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Old trees work faster at storing carbon

Old trees contribute more to carbon storage than previously thought in a new international study that included researchers from the University of Melbourne. The study demonstrated that tree growth rates increased continuously with size, and in some cases, large trees appeared to be adding the carbon mass equivalent of an entire smaller tree each year. The significance of this study is that big old trees are better at absorbing carbon from the atmosphere than previously thought. (Candobetter.net Editor: And that's not all that old tree do - see their more immediate effects on climate and weather here.)

Big CO2 Group wins $3.8 million Biodiversity grants to create wildlife corridors, sequester CO2

CO2 Group's Chief CEO, Andrew Grant says that anthropogenic climate change science is quite simple really: "It's a function of increased population on the earth." Candobetter.net received the following as a press release today. We obviously like the idea of wildlife corridors connecting national parks. By the same token, nothing in the corporate or the government area can be taken at face value. Until the corridors are established; until we can see that more is not taken away by related interests somewhere else, we have to remain cautious. Nonetheless, on face value, this is cheering news. So is the Chief CEO of CO2 Group's attitude to human population growth and carbon emissions.

Biodiverse revegetated land for sale in Western Australia

Candobetter received a media release from the Australian Company, Carbon Neutral, a not-for-profit company which is revegetating areas of outback Australia.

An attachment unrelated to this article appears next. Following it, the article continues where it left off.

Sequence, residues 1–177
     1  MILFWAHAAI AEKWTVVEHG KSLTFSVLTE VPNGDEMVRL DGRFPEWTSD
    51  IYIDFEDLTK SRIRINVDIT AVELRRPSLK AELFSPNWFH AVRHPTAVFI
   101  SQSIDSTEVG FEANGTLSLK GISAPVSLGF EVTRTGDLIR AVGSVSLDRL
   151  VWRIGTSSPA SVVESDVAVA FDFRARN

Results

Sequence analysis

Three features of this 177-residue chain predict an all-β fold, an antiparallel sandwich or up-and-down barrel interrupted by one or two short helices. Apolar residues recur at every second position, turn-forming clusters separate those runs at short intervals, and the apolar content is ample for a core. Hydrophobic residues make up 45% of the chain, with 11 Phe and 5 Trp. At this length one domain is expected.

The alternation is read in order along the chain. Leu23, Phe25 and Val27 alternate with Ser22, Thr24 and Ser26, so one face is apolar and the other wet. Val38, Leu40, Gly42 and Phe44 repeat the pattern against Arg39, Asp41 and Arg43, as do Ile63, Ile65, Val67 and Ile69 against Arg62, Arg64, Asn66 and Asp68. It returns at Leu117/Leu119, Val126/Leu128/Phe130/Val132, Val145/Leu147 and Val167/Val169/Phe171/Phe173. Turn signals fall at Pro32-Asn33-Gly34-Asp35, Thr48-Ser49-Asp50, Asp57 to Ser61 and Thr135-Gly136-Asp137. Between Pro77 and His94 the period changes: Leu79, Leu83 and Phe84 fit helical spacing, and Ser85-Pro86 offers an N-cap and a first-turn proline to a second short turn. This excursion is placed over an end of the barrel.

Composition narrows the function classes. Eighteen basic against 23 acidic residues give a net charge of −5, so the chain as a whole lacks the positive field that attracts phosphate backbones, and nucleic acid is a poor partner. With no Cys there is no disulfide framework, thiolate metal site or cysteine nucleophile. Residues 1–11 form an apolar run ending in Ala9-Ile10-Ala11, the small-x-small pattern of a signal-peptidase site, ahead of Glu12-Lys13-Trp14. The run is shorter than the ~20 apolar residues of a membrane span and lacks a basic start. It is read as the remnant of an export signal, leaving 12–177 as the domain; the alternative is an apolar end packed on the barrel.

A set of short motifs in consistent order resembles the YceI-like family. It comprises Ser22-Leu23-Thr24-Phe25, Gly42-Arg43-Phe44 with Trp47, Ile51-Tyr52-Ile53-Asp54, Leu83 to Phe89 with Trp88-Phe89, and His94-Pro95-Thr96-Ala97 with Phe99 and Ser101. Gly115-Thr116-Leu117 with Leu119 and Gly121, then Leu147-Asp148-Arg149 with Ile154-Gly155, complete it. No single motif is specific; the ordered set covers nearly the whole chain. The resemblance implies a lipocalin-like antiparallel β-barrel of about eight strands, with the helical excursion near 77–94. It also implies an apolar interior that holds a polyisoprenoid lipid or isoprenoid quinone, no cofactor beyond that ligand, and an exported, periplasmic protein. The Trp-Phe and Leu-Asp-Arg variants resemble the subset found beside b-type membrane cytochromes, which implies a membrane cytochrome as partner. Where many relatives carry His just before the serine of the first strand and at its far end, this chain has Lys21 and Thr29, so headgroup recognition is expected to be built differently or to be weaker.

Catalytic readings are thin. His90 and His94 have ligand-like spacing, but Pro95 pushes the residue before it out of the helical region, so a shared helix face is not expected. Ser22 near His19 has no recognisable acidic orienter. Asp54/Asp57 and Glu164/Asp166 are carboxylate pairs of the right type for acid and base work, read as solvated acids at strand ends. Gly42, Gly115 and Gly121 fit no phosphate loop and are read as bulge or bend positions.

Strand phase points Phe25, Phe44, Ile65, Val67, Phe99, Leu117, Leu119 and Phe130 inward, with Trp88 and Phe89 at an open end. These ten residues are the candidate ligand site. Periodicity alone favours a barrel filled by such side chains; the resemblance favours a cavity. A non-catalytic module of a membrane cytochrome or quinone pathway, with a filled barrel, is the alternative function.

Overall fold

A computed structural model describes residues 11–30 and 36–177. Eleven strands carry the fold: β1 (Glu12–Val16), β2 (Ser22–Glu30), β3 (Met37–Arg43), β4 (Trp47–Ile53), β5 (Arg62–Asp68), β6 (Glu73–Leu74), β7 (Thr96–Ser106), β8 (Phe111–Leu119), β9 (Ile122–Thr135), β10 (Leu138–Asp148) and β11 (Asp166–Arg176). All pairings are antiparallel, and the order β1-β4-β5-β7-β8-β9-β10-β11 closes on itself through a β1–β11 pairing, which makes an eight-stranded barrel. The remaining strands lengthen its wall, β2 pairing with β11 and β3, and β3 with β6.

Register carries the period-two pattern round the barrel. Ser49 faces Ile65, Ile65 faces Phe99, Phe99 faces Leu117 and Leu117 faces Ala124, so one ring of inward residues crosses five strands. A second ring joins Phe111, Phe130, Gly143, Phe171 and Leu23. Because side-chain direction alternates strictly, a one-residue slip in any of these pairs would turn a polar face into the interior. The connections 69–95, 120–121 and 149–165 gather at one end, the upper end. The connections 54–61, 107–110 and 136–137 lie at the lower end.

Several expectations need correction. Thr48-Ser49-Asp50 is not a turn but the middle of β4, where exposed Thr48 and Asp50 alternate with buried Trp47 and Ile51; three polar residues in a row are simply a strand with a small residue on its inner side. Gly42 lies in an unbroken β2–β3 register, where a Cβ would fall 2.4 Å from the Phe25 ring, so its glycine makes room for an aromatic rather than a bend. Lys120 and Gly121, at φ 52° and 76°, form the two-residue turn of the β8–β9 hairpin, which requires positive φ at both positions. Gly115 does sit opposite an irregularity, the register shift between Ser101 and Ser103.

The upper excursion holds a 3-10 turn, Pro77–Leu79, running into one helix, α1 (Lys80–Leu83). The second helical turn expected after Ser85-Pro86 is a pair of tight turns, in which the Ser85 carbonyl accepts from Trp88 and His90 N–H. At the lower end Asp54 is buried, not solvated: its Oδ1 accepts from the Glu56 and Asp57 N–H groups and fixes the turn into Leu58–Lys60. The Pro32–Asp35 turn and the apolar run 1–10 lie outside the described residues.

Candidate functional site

Carbon Neutral were set up by Men of the Trees, who are a respected organisation in Western Australia. They are trying a different approach to revegetating very degraded farmland in the inner southwest of WA.

Koala movie and koala inquiry

Delightful koala pictures in this film which talks about why we need to speak up for koalas at the upcoming Federal Inquiry into the status, health and sustainability of Australia's koala population.

Council rates system destroys urban rainforest and community in Brisbane

The Australian land tax system creates hot treeless slums. In Queensland, for instance, the Brisbane City Council charges landowners according to the assessed market value of their land. If the Council land-zoning changes to allow medium or high density housing on land previously zoned only for detached homes, then the commercial value of that land goes up as each block will then be able to hold several dwellings instead of one. Although living conditions then become cramped and the quality of life for residents of higher density declines in comparison with that of residents of detached single dwellings, the total financial value of the medium density dwellings inevitably exceeds that of a single residence on the same land.

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